Police only prosecuting seems a 'I will only do the minimum to tick boxes' job.
Agreed. The old fellow done fucked up and fucked up royal by abusing his friend/client's trust, but throwing the book and him and declaring Mission Accomplished smacks very much of plucking the low-hanging fruit.
Though, I think in this case, "Lisa" very much already plucked those cherries before the plod got around to it.
It also worries me that this may actually have a further chilling effect wherein future victims of 419 and other scams simply fail to come forward for fear of actually being prosecuted for falling for it. I mean, if they're gonna throw the book at someone who's up into potentially great-great-great-granpa territory, what're they gonna do to YOU?
No, I appreciate that, but is that how it's going to come across to someone who gets a few/dozen grand in the hole to one of these tossers, comes to their senses, and Googles the thing and comes across this story?
Nobody can accuse the old chap of maliciously abusing his friend, unless they're a heartless bastard. He was clearly all-in on this his own self, and almost certainly saw lying to his friend as a last resort to help someone in desperate need, with every intention of paying him back.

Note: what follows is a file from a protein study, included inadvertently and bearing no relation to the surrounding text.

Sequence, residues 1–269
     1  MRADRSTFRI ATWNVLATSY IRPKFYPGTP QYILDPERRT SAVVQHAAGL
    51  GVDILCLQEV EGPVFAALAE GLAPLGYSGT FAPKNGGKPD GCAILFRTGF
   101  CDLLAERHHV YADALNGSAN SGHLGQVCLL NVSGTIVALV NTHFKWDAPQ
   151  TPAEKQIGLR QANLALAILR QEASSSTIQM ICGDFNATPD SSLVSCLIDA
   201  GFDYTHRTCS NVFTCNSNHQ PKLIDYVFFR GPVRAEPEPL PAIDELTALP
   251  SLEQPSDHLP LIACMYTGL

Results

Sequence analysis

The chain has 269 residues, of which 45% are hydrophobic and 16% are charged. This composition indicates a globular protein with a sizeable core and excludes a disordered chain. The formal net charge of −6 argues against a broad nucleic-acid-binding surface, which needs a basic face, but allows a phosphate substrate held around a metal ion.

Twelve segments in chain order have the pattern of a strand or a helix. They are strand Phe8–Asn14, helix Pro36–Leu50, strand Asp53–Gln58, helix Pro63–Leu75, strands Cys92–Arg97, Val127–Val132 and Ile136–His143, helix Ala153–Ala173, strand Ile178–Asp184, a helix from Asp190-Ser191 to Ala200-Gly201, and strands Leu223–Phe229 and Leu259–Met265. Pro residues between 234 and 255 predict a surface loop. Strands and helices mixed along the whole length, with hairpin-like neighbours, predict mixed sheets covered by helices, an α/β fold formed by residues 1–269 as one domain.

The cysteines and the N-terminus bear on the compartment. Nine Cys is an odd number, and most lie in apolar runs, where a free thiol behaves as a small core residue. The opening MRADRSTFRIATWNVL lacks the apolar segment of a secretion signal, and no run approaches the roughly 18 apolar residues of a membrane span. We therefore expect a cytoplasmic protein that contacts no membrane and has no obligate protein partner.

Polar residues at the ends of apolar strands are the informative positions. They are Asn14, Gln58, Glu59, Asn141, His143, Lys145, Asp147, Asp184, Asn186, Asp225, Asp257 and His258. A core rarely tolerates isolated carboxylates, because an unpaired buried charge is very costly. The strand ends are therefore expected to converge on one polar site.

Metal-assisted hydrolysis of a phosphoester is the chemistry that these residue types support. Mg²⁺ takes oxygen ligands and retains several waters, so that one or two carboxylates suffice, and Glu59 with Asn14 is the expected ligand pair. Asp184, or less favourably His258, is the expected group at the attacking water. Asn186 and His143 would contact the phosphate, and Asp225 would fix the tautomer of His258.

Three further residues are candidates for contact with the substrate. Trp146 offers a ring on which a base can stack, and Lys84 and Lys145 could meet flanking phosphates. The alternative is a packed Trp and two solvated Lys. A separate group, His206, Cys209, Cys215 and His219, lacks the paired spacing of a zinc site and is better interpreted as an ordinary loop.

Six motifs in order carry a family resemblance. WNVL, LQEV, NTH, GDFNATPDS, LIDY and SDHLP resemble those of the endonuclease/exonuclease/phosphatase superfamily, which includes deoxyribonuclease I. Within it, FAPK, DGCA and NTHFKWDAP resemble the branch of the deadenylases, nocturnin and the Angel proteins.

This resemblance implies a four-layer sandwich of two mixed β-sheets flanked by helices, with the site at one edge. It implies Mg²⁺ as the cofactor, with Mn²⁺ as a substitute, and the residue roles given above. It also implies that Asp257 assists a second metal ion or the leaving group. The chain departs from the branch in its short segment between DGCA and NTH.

I'm not even saying that prosecuting him may not have been necessary, but throwing all the books at a man who was acting, if not in good faith, then in good intent and with the intent to make right the wrongs that he did in pursuit of what he perceived to be a greater good, is a gross misapplication of justice in my opinion. They could have prosecuted him, then given him the lightest sentence possible.
Or at least lighter than a year and a half in the bloody clink. For fuck's sake, he's 79, he doesn't have many years left, and spending one and a half of them in the lockup is liable to cost him five or more of them as overhead.
First, a 79-year old man shouldn't be obliged to work.
Next, a 18 month sentences is not far from a life sentence for such an old man.
Finally, this guy is not only an accomplice but also a victim from this bloody scammer (may the latter have his butt itching and the arms to small to scratch!)